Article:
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Prejudice, n. A vagrant opinion without visible means of support. —Ambrose Bierce

A farmer who dwelt in my home town was once arrested on the streets of Rochester, New York, while looking up at a large building which he owned. He was wearing, at the time, knee-high boots with unmistakable traces of the barnyard on them, dirty Oshkosh-by-Goshes over a tattered flannel shirt, and an old railroad engineer’s cap. The charge was vagrancy. His son favored similar clothing. I helped to paint the old farmhouse when I was seventeen or eighteen, and I remember how shocked I was when Dad told me that old Everett could buy the whole town of Phelps with his pocket change. Their name was Mott, and various members of the extended family owned some grape juice, some automobile factories, natural gas, real estate in most major cities, and who knows what all.

One could say that this branch of the Motts, father and son, were “vagrant men with no visible means of support.” And easy, therefore, for a Rochester cop to look upon with a certain amount of “prejudice” as the old man stood on the street spitting tobacco with his thumbs linked through the bib overalls. They both, father and son, were graduates of New England prep schools and Williams College.

Prejudice is not to be mistaken for its verb cousin, “discriminate,” which the redoubtable Bierce defines as “To note the particulars in which one person or thing is, if possible, more objectionable than another.” Prejudice is apparently a rather unobjectionable fellow, compared with the one who discriminates, especially if he also is the black sheep of the family, “Bigot,” who is “obstinately and zealously attached to an opinion that you do not entertain.”

This all playful, of course. The Motts would not have a long stay in the pokey despite the “prejudice” and “discrimination” of the Rochester cop. It must be time, then, to offer the usual obligatory denial that there is anything either funny or redeeming about people who can accurately be described by any of these terms. But hold on, Imaginative Conservatives; while I am willing to let my friends Discriminate and Bigot sit in the corner and await their turns, I wish to say a few things on behalf of Prejudice, who is quite a necessary fellow.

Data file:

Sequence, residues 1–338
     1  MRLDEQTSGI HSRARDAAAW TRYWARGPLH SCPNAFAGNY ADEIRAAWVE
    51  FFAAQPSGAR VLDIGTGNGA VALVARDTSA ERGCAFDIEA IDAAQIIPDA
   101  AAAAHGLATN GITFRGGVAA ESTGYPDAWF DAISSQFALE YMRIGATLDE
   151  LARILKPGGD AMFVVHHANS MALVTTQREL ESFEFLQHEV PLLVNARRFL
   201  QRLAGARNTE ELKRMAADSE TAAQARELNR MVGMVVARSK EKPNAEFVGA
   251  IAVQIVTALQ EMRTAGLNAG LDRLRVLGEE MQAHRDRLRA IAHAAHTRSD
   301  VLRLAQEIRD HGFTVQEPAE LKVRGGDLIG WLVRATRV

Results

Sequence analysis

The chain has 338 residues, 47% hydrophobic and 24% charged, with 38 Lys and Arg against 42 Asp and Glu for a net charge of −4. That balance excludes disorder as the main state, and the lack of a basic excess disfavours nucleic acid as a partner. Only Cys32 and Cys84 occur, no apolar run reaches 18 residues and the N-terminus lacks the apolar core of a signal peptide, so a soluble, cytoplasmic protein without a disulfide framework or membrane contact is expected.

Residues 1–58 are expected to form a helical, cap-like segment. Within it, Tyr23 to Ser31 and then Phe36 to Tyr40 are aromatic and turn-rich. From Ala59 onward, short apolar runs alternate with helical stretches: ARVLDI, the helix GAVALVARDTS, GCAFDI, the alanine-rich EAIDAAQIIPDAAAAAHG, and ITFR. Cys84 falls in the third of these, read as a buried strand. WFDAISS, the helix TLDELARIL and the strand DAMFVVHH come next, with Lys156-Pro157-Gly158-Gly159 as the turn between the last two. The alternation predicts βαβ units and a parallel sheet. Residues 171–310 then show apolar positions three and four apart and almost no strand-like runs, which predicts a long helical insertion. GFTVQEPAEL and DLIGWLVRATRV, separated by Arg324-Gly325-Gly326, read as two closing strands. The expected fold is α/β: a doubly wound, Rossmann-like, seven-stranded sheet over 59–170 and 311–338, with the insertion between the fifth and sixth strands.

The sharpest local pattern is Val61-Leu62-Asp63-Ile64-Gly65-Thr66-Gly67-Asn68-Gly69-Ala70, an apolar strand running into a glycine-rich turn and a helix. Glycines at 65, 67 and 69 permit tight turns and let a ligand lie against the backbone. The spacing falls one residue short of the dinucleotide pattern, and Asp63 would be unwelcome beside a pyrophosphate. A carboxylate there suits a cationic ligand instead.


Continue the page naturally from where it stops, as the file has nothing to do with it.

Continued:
Tocqueville observes that “Dogmatic beliefs are more or less numerous according to the times,” but there are always and everywhere dogmatic beliefs, “that is, opinions men receive on trust without discussing them.” “If man were forced to prove to himself all the truths he makes use of every day,” he goes on, “he would never finish; he would exhaust himself in preliminary demonstrations without advancing.” We all must count on what has come to us by one means or another: “There is no philosopher in the world so great that he does not believe a million things on faith in others or does not suppose many more truths than he establishes.” In other words, most of what we know (and how we act) is established by habits, customs, and prejudices; by things that come from authority outside ourselves and about which we do not have think.

He goes on to make a very important observation, and to argue it with some vigor–that in cultures and times of equality men are most resistant to admitting to authority outside themselves, or at least outside human beings in general. On the one hand, this can lead to the relativism we all know has dominated American thought since around 1900; on the other, it can lead to authority by majority. Only rarely does it take the form of adherence to authority from tradition.